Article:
Vice President Michel Temer, embroiled in corruption, is set to take over Brazil's highest office if President Dilma Rousseff is impeached.
Even the daughter of the man gearing up to take over Brazil’s top office if President Dilma Rousseff is suspended has come out against the impeachment process, rejecting the potential for her own father to become president Latin America’s largest economy outside elections as bad for democracy.
Luciana Temer, daughter of Vice President Michel Temer, argued during a constitutional law class that she teaches that impeachment “would not be something positive for the democratic stability of the country,” the Brazilian daily Folha de Sao Paulo reported.
She did not go as far to call the impeachment bid a “coup” like Rousseff and her supporters, citing the fact that it is allowed in the constitution. The government argues that despite being constitutionally allowed, the process lacks the legal basis to justify impeachment given that Rousseff is not accused of any financial impropriety.
Expressing concern for Brazil’s fragile and young democracy, Luciana Temer argued that “24 years is a very short period of sustained democracy to have two impediments,” referring to the 1992 impeachment effort that forced then-President Fernando Affonso Collor de Mello to resign just years after the end of the military dictatorship.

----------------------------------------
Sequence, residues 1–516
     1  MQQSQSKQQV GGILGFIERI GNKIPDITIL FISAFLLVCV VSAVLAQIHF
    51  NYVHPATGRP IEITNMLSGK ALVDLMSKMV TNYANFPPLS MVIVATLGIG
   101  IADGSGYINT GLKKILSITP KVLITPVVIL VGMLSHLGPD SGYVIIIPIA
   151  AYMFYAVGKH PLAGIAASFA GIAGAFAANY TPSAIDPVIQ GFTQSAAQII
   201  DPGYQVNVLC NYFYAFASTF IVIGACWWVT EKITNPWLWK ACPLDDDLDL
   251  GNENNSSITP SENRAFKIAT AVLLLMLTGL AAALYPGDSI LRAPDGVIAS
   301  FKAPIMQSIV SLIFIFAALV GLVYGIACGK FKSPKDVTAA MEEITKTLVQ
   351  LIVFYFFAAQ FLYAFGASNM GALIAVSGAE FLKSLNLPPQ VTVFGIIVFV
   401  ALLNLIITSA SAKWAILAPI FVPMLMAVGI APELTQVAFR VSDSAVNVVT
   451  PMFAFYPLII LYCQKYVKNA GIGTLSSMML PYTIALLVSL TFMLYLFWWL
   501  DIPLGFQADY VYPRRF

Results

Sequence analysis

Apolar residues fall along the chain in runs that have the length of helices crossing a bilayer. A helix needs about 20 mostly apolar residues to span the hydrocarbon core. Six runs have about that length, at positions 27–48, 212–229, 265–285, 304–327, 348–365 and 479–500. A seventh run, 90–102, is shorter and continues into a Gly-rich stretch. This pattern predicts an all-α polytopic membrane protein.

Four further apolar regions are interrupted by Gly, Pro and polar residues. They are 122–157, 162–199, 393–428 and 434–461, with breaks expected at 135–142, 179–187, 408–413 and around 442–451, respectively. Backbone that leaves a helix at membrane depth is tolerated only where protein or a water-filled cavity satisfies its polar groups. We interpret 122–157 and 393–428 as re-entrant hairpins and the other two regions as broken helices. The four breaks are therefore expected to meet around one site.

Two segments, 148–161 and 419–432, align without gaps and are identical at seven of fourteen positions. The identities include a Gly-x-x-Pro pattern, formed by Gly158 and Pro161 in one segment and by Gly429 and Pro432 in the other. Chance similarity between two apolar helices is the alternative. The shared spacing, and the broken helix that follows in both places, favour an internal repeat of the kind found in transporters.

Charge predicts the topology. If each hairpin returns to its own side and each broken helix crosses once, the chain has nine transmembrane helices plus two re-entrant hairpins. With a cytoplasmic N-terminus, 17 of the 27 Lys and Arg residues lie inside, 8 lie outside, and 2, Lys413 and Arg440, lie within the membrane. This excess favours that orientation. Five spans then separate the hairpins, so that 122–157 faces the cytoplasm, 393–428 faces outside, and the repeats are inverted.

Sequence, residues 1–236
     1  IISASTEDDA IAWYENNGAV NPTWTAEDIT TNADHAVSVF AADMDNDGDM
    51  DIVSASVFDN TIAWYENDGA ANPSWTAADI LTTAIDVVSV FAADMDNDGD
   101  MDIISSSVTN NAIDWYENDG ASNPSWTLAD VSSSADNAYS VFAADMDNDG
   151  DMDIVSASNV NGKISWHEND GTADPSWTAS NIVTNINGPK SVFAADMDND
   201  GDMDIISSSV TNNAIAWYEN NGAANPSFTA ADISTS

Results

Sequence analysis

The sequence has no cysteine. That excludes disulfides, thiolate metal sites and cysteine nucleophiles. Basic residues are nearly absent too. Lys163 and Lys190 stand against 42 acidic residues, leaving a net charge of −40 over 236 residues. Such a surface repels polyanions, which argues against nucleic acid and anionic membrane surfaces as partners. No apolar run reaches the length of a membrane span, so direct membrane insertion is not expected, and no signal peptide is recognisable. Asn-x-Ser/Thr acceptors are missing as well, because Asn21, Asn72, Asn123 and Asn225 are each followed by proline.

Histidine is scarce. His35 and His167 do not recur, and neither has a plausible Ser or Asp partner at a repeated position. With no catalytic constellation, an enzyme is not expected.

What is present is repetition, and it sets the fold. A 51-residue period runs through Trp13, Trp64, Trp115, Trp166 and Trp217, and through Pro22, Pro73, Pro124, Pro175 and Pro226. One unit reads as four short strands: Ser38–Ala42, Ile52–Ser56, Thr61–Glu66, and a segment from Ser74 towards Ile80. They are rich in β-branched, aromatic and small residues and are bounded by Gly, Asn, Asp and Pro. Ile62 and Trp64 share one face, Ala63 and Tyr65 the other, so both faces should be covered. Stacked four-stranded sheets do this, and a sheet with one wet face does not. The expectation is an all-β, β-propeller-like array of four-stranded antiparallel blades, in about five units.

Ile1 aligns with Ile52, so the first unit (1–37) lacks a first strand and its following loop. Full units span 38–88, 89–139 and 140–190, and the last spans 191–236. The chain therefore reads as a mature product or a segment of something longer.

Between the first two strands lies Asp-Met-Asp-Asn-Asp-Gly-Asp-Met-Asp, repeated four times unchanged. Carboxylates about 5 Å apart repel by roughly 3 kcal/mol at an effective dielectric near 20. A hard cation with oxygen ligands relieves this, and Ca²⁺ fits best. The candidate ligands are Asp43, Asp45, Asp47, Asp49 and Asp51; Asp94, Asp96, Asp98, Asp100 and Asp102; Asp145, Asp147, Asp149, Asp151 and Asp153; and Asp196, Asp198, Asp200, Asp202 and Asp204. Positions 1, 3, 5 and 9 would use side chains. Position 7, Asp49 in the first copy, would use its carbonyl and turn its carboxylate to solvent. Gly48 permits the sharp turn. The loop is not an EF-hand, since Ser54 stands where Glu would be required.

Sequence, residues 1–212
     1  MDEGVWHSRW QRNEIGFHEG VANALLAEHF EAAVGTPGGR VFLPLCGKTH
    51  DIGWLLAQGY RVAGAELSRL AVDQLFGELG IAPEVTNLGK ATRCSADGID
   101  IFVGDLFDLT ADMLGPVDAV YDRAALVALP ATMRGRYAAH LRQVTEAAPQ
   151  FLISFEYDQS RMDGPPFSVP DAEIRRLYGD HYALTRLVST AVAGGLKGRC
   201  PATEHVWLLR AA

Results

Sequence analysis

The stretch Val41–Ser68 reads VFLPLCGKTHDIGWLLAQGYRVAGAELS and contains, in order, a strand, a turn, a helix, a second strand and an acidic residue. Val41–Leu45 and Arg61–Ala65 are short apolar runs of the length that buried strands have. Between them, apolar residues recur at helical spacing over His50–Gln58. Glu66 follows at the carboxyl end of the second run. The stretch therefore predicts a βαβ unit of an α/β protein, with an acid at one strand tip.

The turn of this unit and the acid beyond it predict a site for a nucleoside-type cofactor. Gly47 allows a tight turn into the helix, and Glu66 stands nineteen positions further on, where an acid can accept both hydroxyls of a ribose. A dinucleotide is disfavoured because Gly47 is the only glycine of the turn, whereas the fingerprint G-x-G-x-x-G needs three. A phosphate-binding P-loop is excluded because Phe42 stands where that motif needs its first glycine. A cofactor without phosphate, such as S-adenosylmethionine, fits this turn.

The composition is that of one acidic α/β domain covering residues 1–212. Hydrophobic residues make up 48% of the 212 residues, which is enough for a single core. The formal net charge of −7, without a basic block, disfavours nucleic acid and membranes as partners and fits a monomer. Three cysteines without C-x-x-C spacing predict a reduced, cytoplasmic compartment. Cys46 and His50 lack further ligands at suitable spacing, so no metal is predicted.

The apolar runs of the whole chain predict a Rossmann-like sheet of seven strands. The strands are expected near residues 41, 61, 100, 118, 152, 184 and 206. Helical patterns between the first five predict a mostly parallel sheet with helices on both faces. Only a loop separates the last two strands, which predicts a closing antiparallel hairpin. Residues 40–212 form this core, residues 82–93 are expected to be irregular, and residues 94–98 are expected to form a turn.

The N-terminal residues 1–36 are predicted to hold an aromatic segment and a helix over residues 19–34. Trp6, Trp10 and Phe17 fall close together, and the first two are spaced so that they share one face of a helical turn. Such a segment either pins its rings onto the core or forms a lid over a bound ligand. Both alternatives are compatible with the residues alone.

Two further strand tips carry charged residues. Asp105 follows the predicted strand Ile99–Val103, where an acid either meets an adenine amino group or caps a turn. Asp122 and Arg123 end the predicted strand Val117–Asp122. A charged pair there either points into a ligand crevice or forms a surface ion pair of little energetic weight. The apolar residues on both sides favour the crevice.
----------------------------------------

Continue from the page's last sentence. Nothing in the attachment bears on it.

According to a poll this week, six out of 10 Brazilians don’t want to Temer to be president and would prefer to see snap elections this year to choose the country’s leader until 2018 if Rousseff is impeached and not able to carry out her term. Only 8 percent of Brazilians believe Temer can resolve Brazil’s political crisis.
But despite making proposals for government as if campaigning, Temer rejects the idea of holding early elections in the wake of impeachment, saying such a move would amount to a coup.
Even though Temer’s daughter is against the impeachment process, she agrees with him on the issue of early elections and argues that a snap presidential campaign would amount to a coup.
Recent polls gauging support for potential candidates in the scheduled 2018 election have showed Temer with negligible support of 2 percent, compared to over 20 percent support for Rousseff’s predecessor Luiz Inacio Lula da Silva.
Many analysts have argued that the impeachment bid’s justification as a campaign to root out corruption is a pretext to seize power that conservative forces have not been able to win in elections and to shield highly corrupt politicians, including Temer, from facing charges.